Ten years ago I stopped smoking. It was one of the hardest of things I’ve ever done. For three days I suffered every physical symptom and craving possible – anxiety, sweating, insomnia, dry mouth, headache, even constipation. Everyone around me suffered too! Mentally though, I was tough. In my mind, I had already moved on from being a smoker.
I wasn’t “giving up” smoking or even quitting. That thinking underlines an attitude of lack and deprivation. I was getting rid of a bad habit. I was shedding the shackles. I was moving on to something better for me – a healthier, cleaner, free-er way of living. Because I wasn’t giving up anything, I certainly didn’t need nicotine replacement gums or patches or vapor cigarettes to fill the void left by cigarettes. There was no void.
With every craving that came and went – and they always went – I breathed, ate ice and said “I’m getting rid of a bad habit” then smiled and celebrated inwardly. I have never smoked since and can’t imagine ever smoking again.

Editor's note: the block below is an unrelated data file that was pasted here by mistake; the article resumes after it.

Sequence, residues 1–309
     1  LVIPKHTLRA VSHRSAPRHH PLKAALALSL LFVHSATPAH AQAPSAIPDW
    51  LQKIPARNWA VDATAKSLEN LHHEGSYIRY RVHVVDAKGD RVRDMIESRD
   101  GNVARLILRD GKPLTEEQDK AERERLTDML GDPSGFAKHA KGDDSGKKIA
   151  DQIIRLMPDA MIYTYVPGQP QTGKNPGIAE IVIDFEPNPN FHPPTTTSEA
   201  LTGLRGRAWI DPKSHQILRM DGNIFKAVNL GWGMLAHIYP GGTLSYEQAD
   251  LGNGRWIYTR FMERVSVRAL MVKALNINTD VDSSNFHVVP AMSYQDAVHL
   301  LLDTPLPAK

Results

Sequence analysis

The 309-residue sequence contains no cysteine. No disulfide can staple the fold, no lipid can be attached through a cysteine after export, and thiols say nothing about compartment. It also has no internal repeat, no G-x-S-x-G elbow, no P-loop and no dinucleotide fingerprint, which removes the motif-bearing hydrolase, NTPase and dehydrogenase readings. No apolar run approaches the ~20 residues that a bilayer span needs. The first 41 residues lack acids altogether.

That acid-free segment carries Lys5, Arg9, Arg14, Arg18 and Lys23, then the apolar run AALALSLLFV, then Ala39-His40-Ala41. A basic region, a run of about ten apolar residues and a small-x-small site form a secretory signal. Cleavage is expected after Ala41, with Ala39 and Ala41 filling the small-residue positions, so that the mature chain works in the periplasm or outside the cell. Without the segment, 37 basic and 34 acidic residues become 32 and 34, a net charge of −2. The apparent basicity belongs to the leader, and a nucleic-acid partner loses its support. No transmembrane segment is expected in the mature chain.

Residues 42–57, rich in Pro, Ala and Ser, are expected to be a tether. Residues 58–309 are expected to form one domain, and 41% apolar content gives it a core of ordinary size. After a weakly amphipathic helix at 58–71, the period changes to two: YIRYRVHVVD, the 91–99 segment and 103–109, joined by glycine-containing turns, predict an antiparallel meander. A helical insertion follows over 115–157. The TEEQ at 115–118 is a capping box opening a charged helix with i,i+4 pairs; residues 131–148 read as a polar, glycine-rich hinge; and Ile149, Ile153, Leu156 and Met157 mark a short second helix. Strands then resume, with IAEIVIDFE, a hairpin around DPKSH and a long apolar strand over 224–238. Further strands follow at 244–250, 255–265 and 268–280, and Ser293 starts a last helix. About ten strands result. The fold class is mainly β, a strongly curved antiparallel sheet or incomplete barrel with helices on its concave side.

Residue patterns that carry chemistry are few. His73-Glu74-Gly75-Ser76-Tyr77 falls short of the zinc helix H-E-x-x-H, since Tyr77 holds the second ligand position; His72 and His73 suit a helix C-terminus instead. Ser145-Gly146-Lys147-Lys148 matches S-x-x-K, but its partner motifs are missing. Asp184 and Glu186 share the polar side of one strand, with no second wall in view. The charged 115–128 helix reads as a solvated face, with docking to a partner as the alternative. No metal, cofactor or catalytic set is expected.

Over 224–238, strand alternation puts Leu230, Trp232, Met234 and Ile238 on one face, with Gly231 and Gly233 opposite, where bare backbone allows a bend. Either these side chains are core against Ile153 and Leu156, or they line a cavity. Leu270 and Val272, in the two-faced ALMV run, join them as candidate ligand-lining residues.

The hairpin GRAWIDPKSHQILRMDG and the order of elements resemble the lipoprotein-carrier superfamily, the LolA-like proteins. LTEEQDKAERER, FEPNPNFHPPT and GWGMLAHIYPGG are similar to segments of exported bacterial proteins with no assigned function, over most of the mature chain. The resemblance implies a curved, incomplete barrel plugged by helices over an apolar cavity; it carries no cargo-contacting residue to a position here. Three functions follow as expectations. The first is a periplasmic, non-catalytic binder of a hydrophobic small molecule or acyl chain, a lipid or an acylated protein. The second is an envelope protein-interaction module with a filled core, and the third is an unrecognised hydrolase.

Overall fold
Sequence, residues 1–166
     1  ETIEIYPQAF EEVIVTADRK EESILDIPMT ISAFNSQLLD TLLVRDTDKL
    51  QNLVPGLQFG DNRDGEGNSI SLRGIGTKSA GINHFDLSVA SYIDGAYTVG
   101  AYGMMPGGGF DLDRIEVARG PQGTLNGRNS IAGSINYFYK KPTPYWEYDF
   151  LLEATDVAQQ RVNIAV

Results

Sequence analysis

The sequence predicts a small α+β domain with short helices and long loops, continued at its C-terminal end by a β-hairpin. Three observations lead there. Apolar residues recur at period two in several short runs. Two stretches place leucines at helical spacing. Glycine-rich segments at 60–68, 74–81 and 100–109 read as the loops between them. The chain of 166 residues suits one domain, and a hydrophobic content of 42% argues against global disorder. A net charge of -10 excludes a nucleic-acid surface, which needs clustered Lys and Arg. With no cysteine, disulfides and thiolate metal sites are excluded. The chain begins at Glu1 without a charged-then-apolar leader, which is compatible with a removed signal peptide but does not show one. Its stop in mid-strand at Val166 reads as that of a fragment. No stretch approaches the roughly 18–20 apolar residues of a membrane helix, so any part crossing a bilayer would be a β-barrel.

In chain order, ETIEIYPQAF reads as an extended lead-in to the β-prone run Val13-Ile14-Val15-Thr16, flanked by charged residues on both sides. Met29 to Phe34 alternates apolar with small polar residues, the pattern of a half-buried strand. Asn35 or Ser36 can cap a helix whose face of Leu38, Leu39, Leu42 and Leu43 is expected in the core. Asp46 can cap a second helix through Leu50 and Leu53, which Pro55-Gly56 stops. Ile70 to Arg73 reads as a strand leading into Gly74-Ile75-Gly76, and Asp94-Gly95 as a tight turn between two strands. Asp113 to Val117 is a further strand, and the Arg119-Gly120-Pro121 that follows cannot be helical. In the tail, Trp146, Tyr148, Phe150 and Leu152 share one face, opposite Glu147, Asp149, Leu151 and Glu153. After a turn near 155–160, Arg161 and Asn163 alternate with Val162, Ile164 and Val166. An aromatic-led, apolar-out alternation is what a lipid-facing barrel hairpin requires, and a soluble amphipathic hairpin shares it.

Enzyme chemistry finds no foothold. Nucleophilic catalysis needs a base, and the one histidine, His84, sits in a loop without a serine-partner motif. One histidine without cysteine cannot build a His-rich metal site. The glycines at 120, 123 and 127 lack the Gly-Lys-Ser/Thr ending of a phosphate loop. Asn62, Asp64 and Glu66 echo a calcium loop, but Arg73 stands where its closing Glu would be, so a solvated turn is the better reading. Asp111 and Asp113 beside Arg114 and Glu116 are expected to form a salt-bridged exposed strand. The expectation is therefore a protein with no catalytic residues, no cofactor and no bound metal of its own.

Very often we only change when it’s more painful to not change. Even then, the old way is familiar and comfortable. It will whine, entice and manipulate you to try and keep you where you are.
And that’s when it helps to know, not what you’re running from, but what you’re running to.
Turn your back on what you’re leaving behind. Cut the cord on what was. Don’t be nostalgic and glamourize the past. Understand why you’re changing and what you want for your future and then look forward. See the new way of being and you in it, doing it, living it, reaping the rewards. And then just keep moving forward.